Babies considered early-term, born at 37 to 38 weeks, might look as healthy as full-term babies, born at 39 to 41 weeks, but a new study shows many of them are not.
“Our results show the need for an increased awareness among health care providers that even though we consider babies born at 37 or 38 weeks almost term, they are still, to a large extent, physiologically immature,” says Shaon Sengupta, coauthor and a former University at Buffalo medical resident in the Department of Pediatrics and Women and Children’s Hospital of Buffalo.
The researchers found that these early-term babies were at significantly higher risk for adverse outcomes. They also found that birth by elective cesarean section pushed those risks even higher, from 9.7 percent risk of admission to neonatal intensive care with vaginal deliveries to 19 percent following cesarean section.
The research covered nearly 30,000 live births in Erie County, which includes the city of Buffalo, from Jan. 1, 2006 through Dec. 31, 2008. The study, published in JAMA Pediatrics, is considered the first population-based, countywide assessment of neonatal morbidity among early-term infants based on individual medical records in the US.
In an accompanying editorial, William Oh of Brown University and Tonse N. K. Raju of the Eunice Kennedy Shriver National Institute of Child Health and Human Development write that the study has “important implications for obstetric and neonatal care and research. The findings reinforce the concept that maturation is a continuum and any preset gestational age cannot be assumed to provide a clear separation between immaturity and mature.”
Babies in the NICU
The study was precipitated by observations among neonatologists that early-term babies had more adverse health outcomes than those born at 39 to 41 weeks.
“We were seeing a significant number of infants born at 37 weeks who looked big and pretty healthy, but who, within a few hours of birth, were developing low blood sugar, difficulty in breathing, or needed antibiotics, necessitating admission to the neonatal intensive care unit,” says Satyan Lakshminrusimha, the study’s senior author and associate professor of pediatrics in the University at Buffalo School of Medicine and Biomedical Sciences.
After evaluating admission patterns among newborn infants between 37 and 41 weeks of gestation at Women and Children’s Hospital, Lakshminrusimha, Sengupta and colleagues found that these early-term infants were more likely to suffer some morbidity within a few hours of birth. To see if these patterns were valid in a wider population, they undertook the larger, countywide study, conducting an analysis of births at four different hospitals.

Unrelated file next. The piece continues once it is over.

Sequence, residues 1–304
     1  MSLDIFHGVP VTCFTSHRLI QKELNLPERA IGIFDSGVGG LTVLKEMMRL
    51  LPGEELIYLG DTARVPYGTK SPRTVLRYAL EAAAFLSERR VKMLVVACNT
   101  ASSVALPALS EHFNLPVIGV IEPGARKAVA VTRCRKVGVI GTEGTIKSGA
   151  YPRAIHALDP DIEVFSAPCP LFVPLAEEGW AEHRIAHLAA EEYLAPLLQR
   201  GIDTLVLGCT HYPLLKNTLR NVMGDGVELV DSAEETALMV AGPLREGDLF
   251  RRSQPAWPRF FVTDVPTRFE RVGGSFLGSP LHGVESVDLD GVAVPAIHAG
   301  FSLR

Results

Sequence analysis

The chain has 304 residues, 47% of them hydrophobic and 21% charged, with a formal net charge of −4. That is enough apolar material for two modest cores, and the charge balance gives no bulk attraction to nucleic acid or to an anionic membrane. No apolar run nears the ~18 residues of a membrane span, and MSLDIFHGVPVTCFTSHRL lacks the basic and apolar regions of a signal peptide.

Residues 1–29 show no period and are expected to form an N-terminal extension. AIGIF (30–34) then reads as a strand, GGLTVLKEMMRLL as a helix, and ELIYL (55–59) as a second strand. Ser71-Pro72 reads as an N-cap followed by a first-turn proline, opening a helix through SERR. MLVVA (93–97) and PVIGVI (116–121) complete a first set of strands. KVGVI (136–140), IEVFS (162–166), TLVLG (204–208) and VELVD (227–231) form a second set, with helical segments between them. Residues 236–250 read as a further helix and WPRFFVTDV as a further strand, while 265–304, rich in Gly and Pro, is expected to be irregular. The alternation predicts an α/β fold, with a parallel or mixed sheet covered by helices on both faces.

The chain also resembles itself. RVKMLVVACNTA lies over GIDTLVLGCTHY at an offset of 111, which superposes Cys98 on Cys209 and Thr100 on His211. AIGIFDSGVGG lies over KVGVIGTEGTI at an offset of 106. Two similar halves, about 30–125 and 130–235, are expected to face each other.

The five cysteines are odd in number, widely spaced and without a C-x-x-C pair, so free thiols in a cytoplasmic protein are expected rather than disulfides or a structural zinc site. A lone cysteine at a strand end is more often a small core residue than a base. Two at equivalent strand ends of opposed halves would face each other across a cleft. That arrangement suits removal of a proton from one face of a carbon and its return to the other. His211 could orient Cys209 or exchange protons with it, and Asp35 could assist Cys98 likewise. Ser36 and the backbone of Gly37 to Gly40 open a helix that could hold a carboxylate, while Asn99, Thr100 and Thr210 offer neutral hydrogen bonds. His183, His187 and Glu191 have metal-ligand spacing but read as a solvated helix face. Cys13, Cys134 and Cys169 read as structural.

These data showed similar patterns. Adverse outcomes experienced by the early-term babies included hypoglycemia (4.9 percent versus 2.5 percent of full-term babies), admission to the neonatal intensive care unit (8.8 percent versus 5.3 percent, the need for respiratory support (2.0 percent versus 1.1 percent), the need for intravenous fluids (7.5 percent versus 4.4 percent), intravenous antibiotics (2.6 percent versus 1.6 percent), and mechanical ventilation or intubation, which was required in .6 percent of early-term babies versus .1 percent in full-term babies.
“Although these early-term babies appeared to be mature, providing a false assurance to clinical providers and parents, and they did well on the Apgar scores, they are nevertheless physiologically immature,” notes Lakshminrusimha.
The data revealed, for example, that twice as many of these early-term babies needed mechanical ventilation and the need for lung surfactant use was seven times higher than in term babies.
Cesarean early-term babies at higher risk
The data also show that early-term babies delivered by cesarean section were at a higher risk—by 12.2 percent—for admission to the NICU compared with full-term babies and at 7.5 percent higher risk for morbidity compared with term births.
In particular, the study points out that cesarean delivery is a strong predictor of neonatal morbidity at early-term gestation. Lakshminrusimha notes that the need for respiratory support is increased for babies delivered by cesarean section who may retain their fetal lung fluid, since they do not experience the hormonal changes of labor, which clear the fluid from the lungs.
The University at Buffalo’s Division of Neonatology and Thomas F. Frawley MD Residency Research Fellowship Fund, as well as an American Academy of Pediatrics Resident Research Grant funded the study.
Source: University at Buffalo